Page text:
"It's about how many criminals we're actually arresting," Ashe said, adding most of the preceding arguments had involved a relatively few cases.

    "Bad cases make bad law," Ashe said, arguing problems are few. "I just ask you not to take one bad case."

    Tennessee's drug task forces are overseen by local district attorneys general. One provision in the Daniel/Gardenhire bill would take forfeiture proceeds, which are distributed to local drug task forces, and put them into state and local government general funds to be appropriated, rather than under law enforcement control.

    That idea drew concerns from District Attorney General Stephen Crump of the 10th Judicial District, which includes Bradley, McMinn, Monroe and Polk counties in Southeast Tennessee.

    Crump said he does his job "for the sole reason of justice." Having to appear before local county commissions to argue for "pieces of the budget" to fund drug task forces or tell law enforcement what they can or can't have for their budgets will result in a "lack of confidence in all of us," the DA fretted.

    "The civil forfeiture is imperfect because people run it," Crump said, arguing that despite cases like Delius' client, there are few instances of problems.

    Still, Crump had his own story about a case where he believes justice went awry. It involved a man whose vehicle was confiscated when he was arrested with 8 ounces of methamphetamine.

    The man was convicted and set to prison, Crump said, yet a state administrative law judge ruled he should get his property back.
    http://www.timesfreepress.com/news/p...der-le/415997/
    Quote Originally Posted by Ron Paul View Post
    The intellectual battle for liberty can appear to be a lonely one at times. However, the numbers are not as important as the principles that we hold. Leonard Read always taught that "it's not a numbers game, but an ideological game." That's why it's important to continue to provide a principled philosophy as to what the role of government ought to be, despite the numbers that stare us in the face.



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  3. #2

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    The Volunteer State leads the way in highway robbery.
    Do something Danke

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    This is what happened the last time they tried to change it:

    I dont think that there will be any curtailing of Donald Trump as president, he said. "He controls the media, he controls the sentiment [and] he controls everybody. Hes the one who will resort to executive orders more so than [President] Obama ever used them." - Ron Paul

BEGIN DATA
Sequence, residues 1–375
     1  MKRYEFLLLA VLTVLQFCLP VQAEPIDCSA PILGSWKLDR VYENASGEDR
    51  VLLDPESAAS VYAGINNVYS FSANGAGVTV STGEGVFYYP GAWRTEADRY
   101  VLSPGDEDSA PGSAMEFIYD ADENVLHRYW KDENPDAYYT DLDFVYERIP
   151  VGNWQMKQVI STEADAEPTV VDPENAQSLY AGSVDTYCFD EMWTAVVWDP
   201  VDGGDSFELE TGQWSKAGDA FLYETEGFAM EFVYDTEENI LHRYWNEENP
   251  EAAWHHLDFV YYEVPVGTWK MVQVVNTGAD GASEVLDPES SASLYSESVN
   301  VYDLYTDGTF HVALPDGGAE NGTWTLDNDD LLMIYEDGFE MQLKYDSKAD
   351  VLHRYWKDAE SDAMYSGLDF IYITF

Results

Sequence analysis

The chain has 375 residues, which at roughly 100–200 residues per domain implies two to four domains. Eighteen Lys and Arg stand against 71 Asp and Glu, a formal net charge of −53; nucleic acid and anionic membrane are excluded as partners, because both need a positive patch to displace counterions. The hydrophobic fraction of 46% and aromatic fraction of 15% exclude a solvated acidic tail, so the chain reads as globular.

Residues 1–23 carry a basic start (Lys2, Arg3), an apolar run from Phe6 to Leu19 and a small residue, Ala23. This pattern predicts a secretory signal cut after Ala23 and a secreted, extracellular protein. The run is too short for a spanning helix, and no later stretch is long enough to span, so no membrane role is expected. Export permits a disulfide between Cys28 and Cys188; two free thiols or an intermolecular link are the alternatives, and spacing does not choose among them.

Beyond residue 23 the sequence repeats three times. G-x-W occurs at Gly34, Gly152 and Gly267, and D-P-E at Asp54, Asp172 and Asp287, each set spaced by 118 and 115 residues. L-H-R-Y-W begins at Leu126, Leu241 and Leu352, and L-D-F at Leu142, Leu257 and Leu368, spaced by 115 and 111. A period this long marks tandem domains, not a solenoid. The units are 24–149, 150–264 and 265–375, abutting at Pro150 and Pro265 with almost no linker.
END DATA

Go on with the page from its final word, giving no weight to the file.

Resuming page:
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    None of the legislators wants to be seen as anti-law enforcement.
    __________________________________________________ ________________
    "A politician will do almost anything to keep their job, even become a patriot" - Hearst

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    Quote Originally Posted by Matt Collins View Post
    None of the legislators wants to be seen as anti-law enforcement.
    It is not anti law it is anti theft . Any supporters are the enemy of the people . That is how it should be sold .
    Do something Danke

  7. #6

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    Quote Originally Posted by oyarde View Post
    It is not anti law it is anti theft . Any supporters are the enemy of the people . That is how it should be sold .
    You must be new to politics
    __________________________________________________ ________________
    "A politician will do almost anything to keep their job, even become a patriot" - Hearst

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    Also , the more this is advertised , the more it will hurt tourism to the state . In my circles it is well known as the theft state .
    Do something Danke

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    Quote Originally Posted by oyarde View Post
    Also , the more this is advertised , the more it will hurt tourism to the state . In my circles it is well known as the theft state .
    No for two reasons....

    1- a good portion of the tourists are actually from up north less free states

    2- TN is a transportation state because it is centrally located and a massive amount of the country's commerce actually passes through TN either on I-40 or I-65.
    __________________________________________________ ________________
    "A politician will do almost anything to keep their job, even become a patriot" - Hearst

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    Yeah, the local TV news covered this in TN. The money is often run through one direct on I-40 and the drugs the other direct. The police set-up on the highway in the direction of the money, because they could use it once collected with zero evidence. Logically, they should set-up the other way because they will have a solid case if they take drugs from drug runners. Plus, that is the public goal of the task forces. The police didn't care about prosecution. They didn't care what the whole point of the task force is about To them, it was all about using money for their slush fund. It is a $#@!show on I-40. Whatever you do, never have more than a few hundred on you in cash. Otherwise, you are nothing more or less than a piggy bank for the police.